Tuesday, 17 February 2009
Export Songs to Spreadsheet
Working on an Export feature which is simple and effective. It will allow you to export the details of your loaded Songs to a comma seperated file. You can then use this file as an archive of your metadata AND you can also open and edit values within a proper spreadsheet application and then import the changes back into Jaikoz.
So its give you tag backup and mega editing capabilities in one go, and you can also use the file created to share your songs list with friends or to create playlists.
There are a few decisions to be made yet though.
1. The export feature only works on the editable fields common to all formats so fields not supported by Jaikoz or only supported in the ID3 tabs view are not exported.
2. Artwork is not exported, its not appropriate to store large binary fields in this sort of file but I know artwork is very important to people so maybe it can be shoehorned into this feature somehow, or should I just have a seperate 'Export Artwork' that could export artwork either on a folder by folder by basis so its kept with the files or all lumped into a single folder.
3. The export only supports single instances of fields, so for example it would only export one genre per song.
4. Because not desirable to load all songs into Jaikoz in one go if you select a file that already exists Jaikoz should append the new entries, but would need to overwrite an entry if it already existed for the same file.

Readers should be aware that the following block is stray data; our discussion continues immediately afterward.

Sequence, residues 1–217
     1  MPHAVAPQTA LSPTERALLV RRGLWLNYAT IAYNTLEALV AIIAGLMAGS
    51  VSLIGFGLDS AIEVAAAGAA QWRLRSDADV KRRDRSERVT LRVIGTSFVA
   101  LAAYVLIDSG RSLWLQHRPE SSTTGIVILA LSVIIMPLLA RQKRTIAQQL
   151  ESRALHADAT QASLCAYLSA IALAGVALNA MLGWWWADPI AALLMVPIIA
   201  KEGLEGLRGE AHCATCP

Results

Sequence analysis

5. The first column of the created file would be the full filename, so that Import can work by matching the filename with a file open in Jaikoz and then update accordingly.
6. You might have two versions of a song , a flac version and a mp3 version and want to import metadata from the mp3 version to the flac file you would just have to edit the filename in the csv file.
7. If when exporting you are are replacing existing songs, should they be replaced in the same place, or afterwards. Would it be better to always sort the file alphabetically.
8. The data is encoded using utf8, this fully supports Unicode so all characters can be encoded and also it is economical with memory - only one byte is used for ascii chars. The only problem is that it is only the default encoding on Linux, so might not be the default choice when the csv file is open with some applications. For example Open Office on Windows Vista assumes that the encoding is windows-1252 , you have to tell it to use utf8.
9. In the future would also like to alow export to an xml format but xml not terribly useful for editing, this would also provide a solution for (3).
10. Could also create native spreadsheet formats such as .xls or .ods which is slightly more user friendly, but I dont think the extra effort involved is worth it at the moment.